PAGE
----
Addiction is a family disease that requires a family approach. Recovery is made possible by open and honest communication, the expression of needs and emotions, and the ability for everyone to be on the same page. Understanding the differing communication styles that occur within a family can guide individuals in the right direction for a family member’s recovery. Family-Centered Services specializes in family recovery and can help families work on the communication barriers holding them back from lasting healing.

The Main Types of Communication Styles

Each person communicates in their own way, and individual differences can make it hard to put anyone in a box. With that said, there are a few patterns that people generally fall into. Princeton University identifies four main communication styles: passive, aggressive, passive-aggressive, and assertive.

A Passive Communication Style

When someone utilizes a passive communication style, they have a hard time making their needs known. They tend not to put themselves first and have trouble making their own decisions. A person who communicates passively will not always express their emotions and may not stand up for themselves. This behavior can arise out of a need to mitigate or avoid conflict. Moreover, a passive communicator often fails to make eye contact.

An Aggressive Communication Style

A person who utilizes an aggressive communication style is very much the opposite of a passive communicator. This communication style is associated with someone who may not hold the needs and emotions of others in high regard. In the pursuit of making their own needs known, an aggressive communicator may not consider the other people in the conversation and may push them out of the conversation or hurt their feelings. In certain circumstances, this type of communicator may demonstrate hostility. Body language that indicated defensiveness or dismissiveness, such as rolling one’s eyes or crossing one’s arms, is common with aggressive communication.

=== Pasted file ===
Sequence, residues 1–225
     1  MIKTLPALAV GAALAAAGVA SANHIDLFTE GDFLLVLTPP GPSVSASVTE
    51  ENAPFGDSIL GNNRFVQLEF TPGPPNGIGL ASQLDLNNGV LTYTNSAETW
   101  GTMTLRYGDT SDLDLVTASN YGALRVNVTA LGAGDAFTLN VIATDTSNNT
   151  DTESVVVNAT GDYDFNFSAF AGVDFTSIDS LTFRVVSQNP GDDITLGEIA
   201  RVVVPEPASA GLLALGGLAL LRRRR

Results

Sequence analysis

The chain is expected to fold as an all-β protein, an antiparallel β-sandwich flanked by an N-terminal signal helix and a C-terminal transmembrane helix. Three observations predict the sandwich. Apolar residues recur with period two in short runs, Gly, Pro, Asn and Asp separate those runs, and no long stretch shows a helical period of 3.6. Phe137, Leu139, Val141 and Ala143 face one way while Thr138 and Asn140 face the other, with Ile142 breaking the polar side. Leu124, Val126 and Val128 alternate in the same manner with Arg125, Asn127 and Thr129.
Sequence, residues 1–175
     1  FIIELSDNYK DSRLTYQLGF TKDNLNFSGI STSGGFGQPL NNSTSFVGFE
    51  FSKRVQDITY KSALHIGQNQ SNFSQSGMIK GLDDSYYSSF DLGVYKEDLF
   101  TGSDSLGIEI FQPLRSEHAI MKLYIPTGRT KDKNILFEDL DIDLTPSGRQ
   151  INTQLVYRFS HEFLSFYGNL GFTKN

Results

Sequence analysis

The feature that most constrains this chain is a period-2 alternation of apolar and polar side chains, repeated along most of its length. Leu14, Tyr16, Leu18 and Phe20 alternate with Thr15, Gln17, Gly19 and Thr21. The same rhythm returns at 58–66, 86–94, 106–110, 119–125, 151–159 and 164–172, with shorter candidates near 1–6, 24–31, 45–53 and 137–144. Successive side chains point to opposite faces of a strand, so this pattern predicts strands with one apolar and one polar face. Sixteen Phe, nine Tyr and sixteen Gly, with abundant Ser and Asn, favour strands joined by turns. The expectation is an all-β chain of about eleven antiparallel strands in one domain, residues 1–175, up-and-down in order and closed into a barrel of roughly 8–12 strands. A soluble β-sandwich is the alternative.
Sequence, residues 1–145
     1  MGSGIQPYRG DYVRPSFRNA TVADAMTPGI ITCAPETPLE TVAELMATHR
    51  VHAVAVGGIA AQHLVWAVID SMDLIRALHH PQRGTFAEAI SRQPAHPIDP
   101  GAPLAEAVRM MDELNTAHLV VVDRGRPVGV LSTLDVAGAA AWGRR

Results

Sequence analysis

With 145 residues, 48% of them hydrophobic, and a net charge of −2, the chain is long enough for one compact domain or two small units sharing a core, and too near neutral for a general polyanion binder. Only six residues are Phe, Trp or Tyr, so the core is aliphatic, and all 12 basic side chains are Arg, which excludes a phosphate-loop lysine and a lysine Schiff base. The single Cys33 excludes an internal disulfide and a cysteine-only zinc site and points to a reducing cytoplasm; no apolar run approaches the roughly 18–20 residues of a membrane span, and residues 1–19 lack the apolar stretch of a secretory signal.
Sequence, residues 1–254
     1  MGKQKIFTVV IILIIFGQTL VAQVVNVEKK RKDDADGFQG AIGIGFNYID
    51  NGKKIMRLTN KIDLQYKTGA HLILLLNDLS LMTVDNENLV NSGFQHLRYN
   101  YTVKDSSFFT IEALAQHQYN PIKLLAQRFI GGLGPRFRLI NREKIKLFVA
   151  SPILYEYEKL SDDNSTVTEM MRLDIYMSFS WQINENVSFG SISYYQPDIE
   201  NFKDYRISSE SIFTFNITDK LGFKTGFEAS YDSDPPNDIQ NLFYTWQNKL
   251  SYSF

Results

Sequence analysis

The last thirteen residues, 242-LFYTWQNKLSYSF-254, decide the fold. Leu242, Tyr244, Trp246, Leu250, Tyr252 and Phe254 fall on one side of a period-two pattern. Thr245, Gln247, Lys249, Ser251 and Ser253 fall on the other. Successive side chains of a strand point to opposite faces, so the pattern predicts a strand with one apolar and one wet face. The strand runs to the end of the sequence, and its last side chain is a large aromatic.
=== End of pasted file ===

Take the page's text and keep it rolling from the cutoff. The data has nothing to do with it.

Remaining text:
A Passive-Aggressive Communication Style

A third type of communication style is passive-aggressive communication. Just as the name suggests, this style blends elements of the previous two styles. Someone who communicates in a passive-aggressive manner may demonstrate passivity in an outward manner while actually approaching the conversation from an aggressive angle. These communicators are typically expressing anger indirectly. Similar to the aggressive communication style, a passive-aggressive communicator tends not to put much emphasis on the needs of others. Sarcasm and avoidance are common traits of a conversation with someone who is passive-aggressive, as are rumors and the “silent treatment.”

An Assertive Communication Style

The last type of communication style is assertive. This form of communication can sometimes be mistakenly identified as being aggressive, but this is not the case. It is simply a direct method of communicating. When someone communicates assertively, they prioritize honesty while still maintaining respect for the needs and emotions of the other people in the conversation. They are able to balance having their own needs met while not neglecting those of the people around them. This type of communication is often accompanied by eye contact and good posture. 

Conflicts That Arise Between Communication Styles

There are natural conflicts that arise when certain communicators interact with one another. For example, an aggressive communicator may easily disregard anything a passive communicator says. The person with the passive communication style will let this happen without intervening just so the conflict can be over.